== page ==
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Dr. Robinson has written an interesting book which I hope will be widely read and will do some good. In these days when there is great effort to make diagnoses purely from laboratory and roentgenologic reports, there is much need for protesting books like this which show how often a serious situational neurosis complicates organic disease and perhaps makes successful treatment impossible. This is probably particularly true in the case of clinic patients, but it is almost as true of patients of the middle and upper economic classes, who are commonly unhappy, worried, overworked or psychopathic.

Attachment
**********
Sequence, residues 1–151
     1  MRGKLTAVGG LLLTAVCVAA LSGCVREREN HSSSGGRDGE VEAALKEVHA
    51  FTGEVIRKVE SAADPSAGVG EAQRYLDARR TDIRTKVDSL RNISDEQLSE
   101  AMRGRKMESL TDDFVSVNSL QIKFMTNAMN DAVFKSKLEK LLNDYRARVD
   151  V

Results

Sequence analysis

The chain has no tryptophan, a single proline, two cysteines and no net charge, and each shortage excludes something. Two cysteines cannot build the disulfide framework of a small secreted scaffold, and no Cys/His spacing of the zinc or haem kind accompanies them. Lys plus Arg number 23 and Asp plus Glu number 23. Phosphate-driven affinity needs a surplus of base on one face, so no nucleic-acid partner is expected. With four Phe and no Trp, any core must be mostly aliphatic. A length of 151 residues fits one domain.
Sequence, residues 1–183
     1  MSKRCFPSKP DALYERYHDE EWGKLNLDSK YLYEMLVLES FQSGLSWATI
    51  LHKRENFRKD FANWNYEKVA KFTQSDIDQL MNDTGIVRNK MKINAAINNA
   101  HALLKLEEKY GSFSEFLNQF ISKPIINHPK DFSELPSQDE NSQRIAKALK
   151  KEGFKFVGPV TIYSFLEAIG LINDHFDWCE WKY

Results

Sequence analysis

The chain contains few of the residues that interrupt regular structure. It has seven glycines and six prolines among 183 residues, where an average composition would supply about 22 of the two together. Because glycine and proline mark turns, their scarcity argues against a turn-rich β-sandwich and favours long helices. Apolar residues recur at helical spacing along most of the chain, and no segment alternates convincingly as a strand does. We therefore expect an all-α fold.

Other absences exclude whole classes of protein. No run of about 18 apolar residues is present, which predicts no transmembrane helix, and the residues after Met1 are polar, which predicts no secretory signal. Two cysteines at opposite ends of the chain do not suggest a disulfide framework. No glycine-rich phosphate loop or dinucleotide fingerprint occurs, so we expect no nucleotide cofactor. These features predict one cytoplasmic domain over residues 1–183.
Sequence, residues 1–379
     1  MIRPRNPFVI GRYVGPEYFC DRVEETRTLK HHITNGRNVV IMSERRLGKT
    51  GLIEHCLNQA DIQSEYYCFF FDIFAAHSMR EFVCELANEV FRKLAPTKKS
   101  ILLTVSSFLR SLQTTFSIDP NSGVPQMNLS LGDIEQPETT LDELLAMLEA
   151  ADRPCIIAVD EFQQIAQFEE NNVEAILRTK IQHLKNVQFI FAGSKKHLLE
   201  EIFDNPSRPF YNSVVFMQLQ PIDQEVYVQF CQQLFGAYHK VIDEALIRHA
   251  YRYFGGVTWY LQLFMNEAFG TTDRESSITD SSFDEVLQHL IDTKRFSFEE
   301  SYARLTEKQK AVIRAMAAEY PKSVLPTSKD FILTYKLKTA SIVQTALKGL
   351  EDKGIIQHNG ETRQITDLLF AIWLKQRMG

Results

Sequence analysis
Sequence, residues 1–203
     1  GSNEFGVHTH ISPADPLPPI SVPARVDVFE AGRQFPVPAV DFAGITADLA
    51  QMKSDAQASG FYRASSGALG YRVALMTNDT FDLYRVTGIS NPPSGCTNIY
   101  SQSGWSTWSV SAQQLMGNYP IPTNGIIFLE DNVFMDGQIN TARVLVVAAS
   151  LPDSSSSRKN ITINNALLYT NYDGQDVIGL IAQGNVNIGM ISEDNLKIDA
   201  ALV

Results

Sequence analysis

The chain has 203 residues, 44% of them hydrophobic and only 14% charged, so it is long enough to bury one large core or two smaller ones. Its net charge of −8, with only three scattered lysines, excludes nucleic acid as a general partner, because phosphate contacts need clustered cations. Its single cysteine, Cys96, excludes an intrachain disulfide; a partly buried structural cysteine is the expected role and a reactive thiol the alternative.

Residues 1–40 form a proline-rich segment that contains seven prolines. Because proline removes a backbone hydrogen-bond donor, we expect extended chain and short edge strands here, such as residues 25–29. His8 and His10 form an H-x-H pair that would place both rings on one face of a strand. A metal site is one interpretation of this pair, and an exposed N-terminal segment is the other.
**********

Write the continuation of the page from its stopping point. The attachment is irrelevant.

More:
The book is made up almost entirely of well abstracted case reports in which only essential points are given. It should be read by all young physicians starting out in practice, and it should of course be read by all students who plan to be social service workers.
The Patient as a Person: A Study of the Social Aspects of Illness.. Arch Intern Med (Chic). 1940;65(6):1301. doi:10.1001/archinte.1940.00190120218020